When I started this post, I was living in peanut butter and jelly hell. I’m not even kidding when I tell you that I looked down at my pants while I was typing and realized that my exposed knee from my distressed jeans was covered in jelly. My two-year-old had eaten a PB&J over three hours ago (insert that “stunned face” emoji here). There was always peanut butter and jelly on my floor, tables, couch, and smushed on my toddler’s clothes. He constantly had peanut butter wedged between the cracks of his chubby little fingers. Why was I living this sticky existence you ask? Because my boy is obsessed with PB&J. Like, it felt impossible to get him to eat anything else. Like, he had at least two strong meltdowns a day over peanut butter and jelly.
The real-life story of escaping from peanut butter and jelly hell
As most new moms do at one time or another, I’ve made pretty decisive statements about how I’m going to raise my kids and how they are going to behave. Things like “I’m not going to be one of those parents who let their kid play on their iPhone”. You know what my toddler’s favorite activity is? Watching videos of himself on my iPhone. Oops. One of the other things my husband and I promised to each other is that our kids would always be exposed to diverse foods, so we could avoid raising picky eaters. And for the first year and a half, this worked! Our boy ate whatever we ate. He loved all things. In fact, the first meat he ever tried was goat curry. We were so proud. Everything was going according to plan.
When my toddler was about 18-months-old, all of a sudden he had an opinion about food. “Toast” was one of his first words and bread was all he wanted to eat. He would eat toast for every meal and once he took his first bite of PB&J, it was all over. Anything else we would offer him was totally unacceptable. He would grab the peanut butter out of the pantry and hug it like it was his teddy bear. Complete and total meltdowns if we dared to offer him anything else.
A few weeks ago, after finding the jelly on my knee, we decided enough was enough! We needed to quit PB&J cold turkey! Not only because we wanted our adventurous eater back, or because that delicious little sandwich was taking over our lives, but because we all needed a little wake-up call. The amount of processed bread that we were going through in a week for two adults and a toddler was crazy. A peanut butter and jelly sandwich diet was not a good look on any of us. So, I just didn’t buy any more bread at the grocery store!
The first few days of our “detox” were tough. Our boy would whimper, “toast, toast” with tears streaming down his face. I, of course, wanted to run to the store and just buy the darn bread. My husband, who is a lot stronger than I am, said we had to stick it out. And you know what? It wasn’t that bad! Slowly but surely, our kid became okay with eating the things he used to like. Things like plain Greek yogurt and berries, cheese slices and olives, plain scrambled eggs (with no toast on the side) and corn. And since he was no longer in a PB&J fog, he was open to trying new things!
Some of the new foods we’ve introduced (and that he loves now!)
(These brands are not sponsored – just things that we truly enjoy!)
- Baked Green Peas (Harvest Snaps Snapea Crisps): These have the texture of Cheeto Puffs, but are just baked green peas, so you can feel great about giving them to your family. We’ve tried the Lightly Salted, but Caesar is our favorite flavor.
- No Bake Energy Balls (recipe from Gimme Some Oven): I started making these for myself when I would wake up in the middle of the night famished from breastfeeding, but now we all eat them! Super easy to make with (pretty) good for you ingredients! My peanut butter obsessed toddler can’t get enough of them.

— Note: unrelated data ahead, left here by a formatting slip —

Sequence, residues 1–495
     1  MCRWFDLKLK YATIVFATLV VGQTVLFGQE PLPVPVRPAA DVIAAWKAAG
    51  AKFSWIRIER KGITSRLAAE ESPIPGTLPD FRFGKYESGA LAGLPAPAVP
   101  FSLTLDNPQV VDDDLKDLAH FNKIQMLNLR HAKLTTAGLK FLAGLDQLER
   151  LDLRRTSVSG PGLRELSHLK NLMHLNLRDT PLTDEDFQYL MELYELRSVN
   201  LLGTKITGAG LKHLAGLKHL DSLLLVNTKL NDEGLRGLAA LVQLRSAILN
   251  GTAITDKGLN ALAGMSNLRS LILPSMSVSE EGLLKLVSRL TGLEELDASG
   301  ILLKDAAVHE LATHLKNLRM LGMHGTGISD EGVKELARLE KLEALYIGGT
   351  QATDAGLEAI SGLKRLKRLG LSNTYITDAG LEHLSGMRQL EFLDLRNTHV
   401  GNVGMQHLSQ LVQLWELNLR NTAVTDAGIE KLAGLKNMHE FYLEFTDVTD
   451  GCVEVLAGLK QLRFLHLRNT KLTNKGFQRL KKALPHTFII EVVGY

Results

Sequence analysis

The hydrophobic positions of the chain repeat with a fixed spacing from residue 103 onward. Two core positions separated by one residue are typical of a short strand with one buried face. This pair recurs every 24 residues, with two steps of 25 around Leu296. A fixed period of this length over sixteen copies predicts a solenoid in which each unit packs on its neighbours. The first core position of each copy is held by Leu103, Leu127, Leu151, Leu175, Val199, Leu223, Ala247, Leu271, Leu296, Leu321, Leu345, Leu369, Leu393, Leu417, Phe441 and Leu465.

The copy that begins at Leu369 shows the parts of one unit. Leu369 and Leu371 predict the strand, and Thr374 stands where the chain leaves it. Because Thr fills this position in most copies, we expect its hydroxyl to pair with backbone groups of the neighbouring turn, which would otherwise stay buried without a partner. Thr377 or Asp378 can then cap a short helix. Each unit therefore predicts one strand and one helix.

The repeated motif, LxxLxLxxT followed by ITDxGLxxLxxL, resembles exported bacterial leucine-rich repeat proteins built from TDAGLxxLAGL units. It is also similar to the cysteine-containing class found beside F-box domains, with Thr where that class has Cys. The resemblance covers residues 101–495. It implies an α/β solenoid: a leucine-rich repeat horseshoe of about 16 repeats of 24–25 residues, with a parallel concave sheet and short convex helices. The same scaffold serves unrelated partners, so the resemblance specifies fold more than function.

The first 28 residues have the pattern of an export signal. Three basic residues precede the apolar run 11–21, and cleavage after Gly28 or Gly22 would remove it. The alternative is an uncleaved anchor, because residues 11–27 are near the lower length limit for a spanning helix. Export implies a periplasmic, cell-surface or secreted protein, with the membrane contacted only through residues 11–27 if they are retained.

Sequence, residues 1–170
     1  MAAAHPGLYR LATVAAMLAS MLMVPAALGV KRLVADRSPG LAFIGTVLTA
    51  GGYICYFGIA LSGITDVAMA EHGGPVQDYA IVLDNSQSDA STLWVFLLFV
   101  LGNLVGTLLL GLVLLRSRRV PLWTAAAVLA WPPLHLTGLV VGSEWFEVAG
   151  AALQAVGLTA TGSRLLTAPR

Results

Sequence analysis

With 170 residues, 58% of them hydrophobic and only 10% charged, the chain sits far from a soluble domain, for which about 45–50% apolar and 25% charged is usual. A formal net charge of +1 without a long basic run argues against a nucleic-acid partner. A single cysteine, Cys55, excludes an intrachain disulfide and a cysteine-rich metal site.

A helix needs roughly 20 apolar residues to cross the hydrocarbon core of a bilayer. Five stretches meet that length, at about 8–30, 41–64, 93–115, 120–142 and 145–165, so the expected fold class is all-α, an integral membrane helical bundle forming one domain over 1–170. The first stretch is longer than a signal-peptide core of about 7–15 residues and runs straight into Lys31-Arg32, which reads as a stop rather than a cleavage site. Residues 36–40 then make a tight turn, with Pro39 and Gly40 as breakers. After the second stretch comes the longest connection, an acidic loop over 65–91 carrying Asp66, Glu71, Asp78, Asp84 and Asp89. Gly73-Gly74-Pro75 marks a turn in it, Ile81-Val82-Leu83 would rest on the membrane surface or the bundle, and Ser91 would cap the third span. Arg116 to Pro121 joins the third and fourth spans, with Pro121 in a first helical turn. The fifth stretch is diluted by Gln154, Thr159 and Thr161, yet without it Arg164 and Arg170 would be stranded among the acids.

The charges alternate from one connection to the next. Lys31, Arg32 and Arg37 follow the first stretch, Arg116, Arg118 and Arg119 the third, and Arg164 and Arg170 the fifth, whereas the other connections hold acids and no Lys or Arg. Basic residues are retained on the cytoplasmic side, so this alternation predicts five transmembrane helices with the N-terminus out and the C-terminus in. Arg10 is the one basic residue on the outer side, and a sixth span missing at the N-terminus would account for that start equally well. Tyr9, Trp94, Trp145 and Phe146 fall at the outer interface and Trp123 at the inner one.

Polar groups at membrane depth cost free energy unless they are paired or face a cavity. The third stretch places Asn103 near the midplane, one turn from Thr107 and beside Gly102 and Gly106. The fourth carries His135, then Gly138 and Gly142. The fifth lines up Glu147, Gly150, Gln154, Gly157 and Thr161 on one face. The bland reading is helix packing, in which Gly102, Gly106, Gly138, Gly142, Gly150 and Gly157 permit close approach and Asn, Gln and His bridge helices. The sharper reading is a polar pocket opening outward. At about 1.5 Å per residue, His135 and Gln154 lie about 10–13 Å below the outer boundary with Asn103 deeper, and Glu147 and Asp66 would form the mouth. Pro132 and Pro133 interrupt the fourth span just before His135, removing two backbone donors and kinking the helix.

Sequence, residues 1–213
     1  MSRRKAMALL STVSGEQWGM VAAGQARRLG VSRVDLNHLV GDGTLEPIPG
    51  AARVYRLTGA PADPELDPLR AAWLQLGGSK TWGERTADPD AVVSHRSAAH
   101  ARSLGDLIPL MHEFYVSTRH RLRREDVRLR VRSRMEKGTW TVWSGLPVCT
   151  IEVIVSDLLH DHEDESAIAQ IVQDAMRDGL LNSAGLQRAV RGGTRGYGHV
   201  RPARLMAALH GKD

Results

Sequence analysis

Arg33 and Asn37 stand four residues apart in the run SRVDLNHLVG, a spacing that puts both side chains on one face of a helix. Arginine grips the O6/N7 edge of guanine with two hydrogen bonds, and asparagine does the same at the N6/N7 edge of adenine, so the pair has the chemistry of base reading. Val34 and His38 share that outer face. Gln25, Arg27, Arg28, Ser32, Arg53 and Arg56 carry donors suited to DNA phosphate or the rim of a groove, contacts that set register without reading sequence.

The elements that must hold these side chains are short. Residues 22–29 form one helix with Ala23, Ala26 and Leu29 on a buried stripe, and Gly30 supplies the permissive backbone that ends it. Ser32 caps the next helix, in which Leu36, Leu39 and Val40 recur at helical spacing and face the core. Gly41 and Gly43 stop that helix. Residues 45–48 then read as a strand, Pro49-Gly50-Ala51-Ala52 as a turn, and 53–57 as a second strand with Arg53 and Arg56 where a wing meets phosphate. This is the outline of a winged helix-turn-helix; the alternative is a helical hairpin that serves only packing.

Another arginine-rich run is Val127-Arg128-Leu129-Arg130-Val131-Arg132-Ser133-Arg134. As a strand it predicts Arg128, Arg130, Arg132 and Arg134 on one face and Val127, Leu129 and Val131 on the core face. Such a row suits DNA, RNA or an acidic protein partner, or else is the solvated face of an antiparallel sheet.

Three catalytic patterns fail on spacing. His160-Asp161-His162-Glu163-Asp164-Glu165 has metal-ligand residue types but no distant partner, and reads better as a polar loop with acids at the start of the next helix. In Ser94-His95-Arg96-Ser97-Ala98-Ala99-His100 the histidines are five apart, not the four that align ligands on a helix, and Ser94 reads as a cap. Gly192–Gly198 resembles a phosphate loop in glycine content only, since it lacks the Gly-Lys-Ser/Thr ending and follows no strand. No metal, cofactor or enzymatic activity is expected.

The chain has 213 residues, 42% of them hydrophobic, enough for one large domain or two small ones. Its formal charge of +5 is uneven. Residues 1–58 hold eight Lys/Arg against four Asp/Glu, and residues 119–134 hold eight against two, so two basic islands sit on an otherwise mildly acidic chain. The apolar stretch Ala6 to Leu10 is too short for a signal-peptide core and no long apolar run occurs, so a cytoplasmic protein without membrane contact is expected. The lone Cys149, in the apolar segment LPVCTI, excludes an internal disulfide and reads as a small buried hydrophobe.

- Hummus and Pita: To ease the transition out of PB&J with that processed bread, I gave my kid peanut butter in a whole wheat tortilla. Now that he’s cool with the tortillas, I sneak hummus in there more often.
- Ezekiel 4:9 Bread: We now keep a couple loaves of Ezekiel sprouted grain bread in our freezer for those times when really only bread will do (like when mama wants some avocado toast!). If you’re curious about the health benefits of Ezekiel bread, check this out.
Tips for transitioning to a wider variety of foods
- We make a point to sit down to eat together. He’s curious when he watches us eat and is more likely to try what we’re having.
- We try to make sure that he is really hungry for dinner. The more snacks he eats, obviously the less dinner he’s going to eat and the likelihood of a food protest is much higher.
- When in doubt, cover it with cheese! This is kind of a joke, but kind of serious. My toddler isn’t a huge fan of meat, but if I cover taco meat or spaghetti meat with some grated cheese, he’ll usually dig right in.
- Lately, he really likes to watch me scoop up his food and put it on his plate. I’m not sure why, but when he sees me do this, he is much more excited about what we’re eating.
- I let him make decisions and give him choices, but only with regards to what is actually being served. He doesn’t get to choose the exact meal that we are eating, but if we are having oatmeal for breakfast, I let him choose which toppings he would like to put on it. When I set up an “oatmeal bar” this week, my boy ate oatmeal with bananas, blueberries, a little brown sugar, walnuts and Chia seeds. All because I let him scoop up the toppings and put it on his special bowl himself.
So what’s the moral of this story? I’m not totally sure. Maybe it’s that toddlers are more adventurous and adaptable than we think. Maybe it’s that you shouldn’t let your toddler be the boss of the house. Maybe it’s that we should all focus on giving healthful, real food to our families. Or maybe it’s just that peanut butter and jelly really is that delicious and that we can’t blame a kid for wanting to eat it for every meal if we aren’t stopping them.